At a time when the business environment is getting increasingly competitive, every organization must pay heed to these wise words by the 20th-century Austrian philosopher. With globalization reaching its peak, taking a multi-lingual approach is no longer an option; it is a necessity. Even though the universal appeal of English can’t be denied, it is critical that businesses use more than one language to communicate with their customer base. Especially, in a multi-cultural country like India that boasts of 122 major languages and 1599 others. With a rise in smartphone and internet penetration, many of these non-English speaking Indians are now making a digital transition.
According to a KPMG report released in 2017, as many as 536 million Indian language users will access the internet by 2021, accounting for 75% of India’s total internet user base. The report further predicts that the Hindi user base could outgrow the English user base in the same year. There will be a significant increase in the Marathi and Bengali users, whereas Tamil, Kannada and Telugu users will be amongst the most digitally engaged. It’s evident that an entire generation of people are becoming digitally native and using the internet to access information, search for brands and make purchase decisions.
In its latest “Year in Search: Insights for Brands Report”, Google revealed that 9 out of 10 new Internet users in India are likely to be Indian language users. In fact, queries in regional languages are growing faster than English across various e-commerce categories such as consumer-tech, clothing, beauty and personal care. The current scenario presents massive opportunities for businesses in India if they take the multi-lingual route. To tap into this expanding consumer base, brands must add a multi-lingual interface to their websites and apps, providing users with the option to choose their own language. An app with support for regional languages would better cater to those residing outside metro settings, i.e. tier-II, tier-III cities and small towns. This is because people can better process information if it is in their mother tongue, and are more likely to be inclined towards platforms that give them this option.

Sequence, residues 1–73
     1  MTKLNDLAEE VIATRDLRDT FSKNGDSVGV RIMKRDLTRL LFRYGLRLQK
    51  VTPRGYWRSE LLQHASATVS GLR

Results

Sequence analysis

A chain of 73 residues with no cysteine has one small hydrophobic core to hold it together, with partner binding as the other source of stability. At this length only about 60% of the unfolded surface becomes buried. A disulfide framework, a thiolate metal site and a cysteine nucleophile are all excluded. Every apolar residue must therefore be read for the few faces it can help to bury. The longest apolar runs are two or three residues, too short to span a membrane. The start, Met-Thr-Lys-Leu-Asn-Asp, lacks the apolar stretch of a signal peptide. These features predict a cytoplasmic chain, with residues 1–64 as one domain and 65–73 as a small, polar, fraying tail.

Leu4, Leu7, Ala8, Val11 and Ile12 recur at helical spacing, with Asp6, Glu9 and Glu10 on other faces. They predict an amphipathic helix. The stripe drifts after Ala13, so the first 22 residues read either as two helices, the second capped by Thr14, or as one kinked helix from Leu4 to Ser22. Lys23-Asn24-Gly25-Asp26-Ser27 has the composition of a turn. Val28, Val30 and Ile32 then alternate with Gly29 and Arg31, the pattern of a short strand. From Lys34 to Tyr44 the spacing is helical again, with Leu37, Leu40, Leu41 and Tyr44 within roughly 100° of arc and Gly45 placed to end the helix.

Take, popular social media app Twitter, for instance. The microblogging site allows users to create posts and interact in various languages including Japanese, French, Spanish, German, among others. Twitter also offers support for several Indian languages such as Hindi and Tamil. As a result, the company is witnessing its fastest revenue growth in India in the last five years. According to a statement released by Twitter India MD, 50% tweets on the platform are in non-English. This is just one example. Many customer-centric businesses have experienced a sudden surge, both in terms of customer acquisition and revenue generation, by adding the multi-lingual feature to their websites and apps.
Given that most customers today reach for their smartphones to make a purchase decision, organizations should start the multi-lingual transformation journey from their apps. Apps are the first touch-point for customers, which also create a first impression in their minds. Hence, apps with multi-lingual support help businesses to not only acquire new customers but also to retain the existing customer base. It’s an indisputable fact that being multi-lingual creates more value for the business, and reflects a brand culture that is all-encompassing and inclusive. These two factors can prove to be differentiating, especially when multiple companies are offering similar products with similar price tags.
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